Old Testament: Ezekiel 44:1-45:12
Ezekiel 44:1-45:12 The World Of What’s Happenin’ Then
Chapter 44 Verses 1-3 do not refer to Jesus. It is a man who offers a sin offering for himself (cf. Ezek. 45:22), has sons (Ezek. 46:16) but is a representative of the Messiah in the new government of the kingdom.
The duties of the Levitical priests are enumerated in vv. 10-31. The Levites will be disciplined for not showing the righteous appropriately to the priests before the captivity. They will still do the work around the Temple but not be allowed to offer sacrifices or other duties exclusive to the priesthood. As in Old Testament times, their inheritance will be the Lord, not any ownership of land as the other tribes. They will, once again, live on the offerings given at the Temple (vv. 28-31; cf. Num. 18:20; Deut. 18:1–2; Josh. 13:33).
Chapter 45:1-12 The sectioning of the land is described in this chapter. The Lord will be given a portion as will the ruler of the land, the Prince (not Messiah, see above). The Prince will provide what is needed for the offerings at the Temple.
New Testament: 1 Peter 1:1-12
1 Peter 1:1-12 For Turkeys
Just like some of us, Peter could trip over his own feet. He was rebuked by the Lord (Matt. 16:23); denied the Lord at the crucifixion (Matt. 26:69-70) and even later got in trouble with Paul (cf. Gal. 2:11). Some might think he was just a dumb fisherman but it is evident from his writing that he was educated. Perhaps, because of his faults, he is one of the best apostles to teach on humility (cf. 1 Pet. 5:6) and suffering (mentioned at least 12 times in this book). Tradition has it that he did not want to die in the same manner as his Lord so he was crucified upside down. He is an amazing man as will be evident.
Peter is writing to the persecuted Christians scattered around the area of northern Turkey. I once asked a prosperity preacher what he thought of the book of 1Peter since it contained so many references to suffering. He said it was “irreverent.” I think he meant “irrelevant.” Of course, it is not irreverent or irrelevant. Everyone suffers in this life, even people who hold to prosperity teaching. They suffer, too.
Those who were scattered, possibly due to the persecution in Jerusalem, needed to know that God had chosen them (v. 1b). God knew in advance that they were going to trust Him (v. 2a). The purpose of their Christian lives was to represent Christ and be pure through Jesus’ sacrificial death (v. 2b).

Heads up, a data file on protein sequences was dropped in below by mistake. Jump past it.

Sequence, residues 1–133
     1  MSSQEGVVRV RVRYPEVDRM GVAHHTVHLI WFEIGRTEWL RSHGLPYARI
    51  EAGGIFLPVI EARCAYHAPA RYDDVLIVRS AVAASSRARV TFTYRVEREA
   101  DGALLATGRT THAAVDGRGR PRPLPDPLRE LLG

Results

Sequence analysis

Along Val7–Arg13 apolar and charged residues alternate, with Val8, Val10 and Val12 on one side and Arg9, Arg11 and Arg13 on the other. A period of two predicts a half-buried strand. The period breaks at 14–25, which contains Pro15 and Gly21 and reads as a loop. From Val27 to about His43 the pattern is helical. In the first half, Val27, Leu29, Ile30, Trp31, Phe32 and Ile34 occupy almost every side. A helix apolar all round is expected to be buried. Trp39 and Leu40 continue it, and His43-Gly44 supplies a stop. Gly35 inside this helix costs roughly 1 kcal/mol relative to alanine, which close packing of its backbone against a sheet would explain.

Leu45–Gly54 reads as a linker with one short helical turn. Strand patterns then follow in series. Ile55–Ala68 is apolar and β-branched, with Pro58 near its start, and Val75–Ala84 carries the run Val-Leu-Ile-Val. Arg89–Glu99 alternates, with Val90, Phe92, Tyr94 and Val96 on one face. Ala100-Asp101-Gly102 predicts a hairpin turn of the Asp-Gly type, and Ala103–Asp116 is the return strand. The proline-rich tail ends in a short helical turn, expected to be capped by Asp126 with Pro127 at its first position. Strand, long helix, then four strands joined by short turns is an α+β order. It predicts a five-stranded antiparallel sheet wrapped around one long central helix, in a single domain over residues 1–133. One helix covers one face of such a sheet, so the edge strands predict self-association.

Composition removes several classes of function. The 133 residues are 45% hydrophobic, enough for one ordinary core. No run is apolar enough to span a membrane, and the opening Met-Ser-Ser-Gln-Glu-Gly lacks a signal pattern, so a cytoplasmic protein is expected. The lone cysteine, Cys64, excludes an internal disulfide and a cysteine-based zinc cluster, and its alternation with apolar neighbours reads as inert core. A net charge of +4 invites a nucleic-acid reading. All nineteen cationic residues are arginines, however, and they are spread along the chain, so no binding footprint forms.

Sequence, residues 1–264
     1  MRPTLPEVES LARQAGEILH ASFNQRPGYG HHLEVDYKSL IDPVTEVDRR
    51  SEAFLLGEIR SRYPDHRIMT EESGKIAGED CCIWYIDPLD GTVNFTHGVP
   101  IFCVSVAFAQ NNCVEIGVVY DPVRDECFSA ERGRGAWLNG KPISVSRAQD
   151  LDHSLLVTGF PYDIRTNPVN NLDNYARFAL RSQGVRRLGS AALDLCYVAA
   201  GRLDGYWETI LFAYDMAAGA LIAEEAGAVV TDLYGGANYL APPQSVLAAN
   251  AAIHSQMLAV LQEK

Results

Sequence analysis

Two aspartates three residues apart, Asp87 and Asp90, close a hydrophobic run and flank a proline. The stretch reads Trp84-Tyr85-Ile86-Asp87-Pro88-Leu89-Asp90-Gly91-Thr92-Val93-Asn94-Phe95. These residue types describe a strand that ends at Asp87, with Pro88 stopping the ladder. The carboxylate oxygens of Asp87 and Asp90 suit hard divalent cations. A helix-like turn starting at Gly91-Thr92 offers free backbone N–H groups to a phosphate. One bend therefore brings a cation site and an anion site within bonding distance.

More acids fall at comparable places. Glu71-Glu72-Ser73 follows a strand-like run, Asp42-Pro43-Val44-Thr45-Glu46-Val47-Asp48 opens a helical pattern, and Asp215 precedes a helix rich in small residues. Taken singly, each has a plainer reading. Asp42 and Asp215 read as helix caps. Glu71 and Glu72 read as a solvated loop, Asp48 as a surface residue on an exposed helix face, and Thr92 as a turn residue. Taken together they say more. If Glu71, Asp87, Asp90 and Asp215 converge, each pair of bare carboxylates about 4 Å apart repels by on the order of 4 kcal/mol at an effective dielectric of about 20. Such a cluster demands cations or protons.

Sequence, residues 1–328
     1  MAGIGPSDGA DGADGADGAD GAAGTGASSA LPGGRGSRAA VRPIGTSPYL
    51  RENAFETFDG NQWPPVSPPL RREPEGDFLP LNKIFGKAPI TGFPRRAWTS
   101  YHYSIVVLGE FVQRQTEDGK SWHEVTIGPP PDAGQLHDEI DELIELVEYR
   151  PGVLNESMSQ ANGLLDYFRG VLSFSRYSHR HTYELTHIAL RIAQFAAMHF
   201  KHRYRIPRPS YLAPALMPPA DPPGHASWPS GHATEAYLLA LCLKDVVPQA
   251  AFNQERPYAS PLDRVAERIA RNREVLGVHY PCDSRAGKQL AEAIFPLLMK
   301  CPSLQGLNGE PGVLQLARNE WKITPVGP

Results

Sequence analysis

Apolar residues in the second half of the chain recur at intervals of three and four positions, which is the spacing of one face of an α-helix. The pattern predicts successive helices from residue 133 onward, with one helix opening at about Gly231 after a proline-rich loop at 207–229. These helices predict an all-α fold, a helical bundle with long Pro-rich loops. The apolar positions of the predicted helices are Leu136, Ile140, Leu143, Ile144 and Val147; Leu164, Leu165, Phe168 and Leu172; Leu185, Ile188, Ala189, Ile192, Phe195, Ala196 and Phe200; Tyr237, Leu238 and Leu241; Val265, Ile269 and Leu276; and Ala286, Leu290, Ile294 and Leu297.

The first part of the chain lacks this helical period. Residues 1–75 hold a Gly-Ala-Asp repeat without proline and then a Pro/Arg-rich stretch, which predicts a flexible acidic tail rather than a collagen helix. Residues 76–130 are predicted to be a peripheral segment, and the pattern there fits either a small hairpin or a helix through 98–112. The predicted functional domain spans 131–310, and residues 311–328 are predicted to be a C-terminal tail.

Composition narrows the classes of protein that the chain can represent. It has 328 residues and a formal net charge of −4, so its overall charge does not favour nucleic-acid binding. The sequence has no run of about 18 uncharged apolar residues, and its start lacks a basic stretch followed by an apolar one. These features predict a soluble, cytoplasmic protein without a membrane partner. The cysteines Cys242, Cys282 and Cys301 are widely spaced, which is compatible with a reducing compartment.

Peter offers praise to God for the mercy that allowed us to know Him when we were converted by trusting Christ (v. 3). It is because of being born again (cf. John 3:3) that we have hope of life into eternity which was exhibited to us by the resurrection of Christ from the dead (v. 3b).
Our “inheritance” is set apart for us and cannot become impure or rot (v. 4). It is protected by God for us as a present at the end of days when Christ returns (v. 5).
This prospect is cause for rejoicing now though for now we have to endure persecution (v. 6). God allows the suffering and trials because it shows their faith which is more valuable than any precious earthly metal (v. 7, v. 8b). Peter’s readers (hey, that sounds funny, “Peter’s readers”) believe in Christ even though many of them had not seen Him like Peter had (v. 8a, cf. John 20:29). They had reason to be happy. Their faith was going to result in a life lived forever with God (v. 9).
The Old Testament prophets didn’t understand that God’s grace was going to result in salvation for everyone who trusted Christ. Even though God had predicted through them the sufferings of Christ and the glories of the kingdom, they didn’t have enough information to put the whole picture together (vv. 10-11). They were not speaking of just Jews but salvation for the entire world (v. 12a). Angels could observe all that was going on but they couldn’t figure it all out either (v. 12b).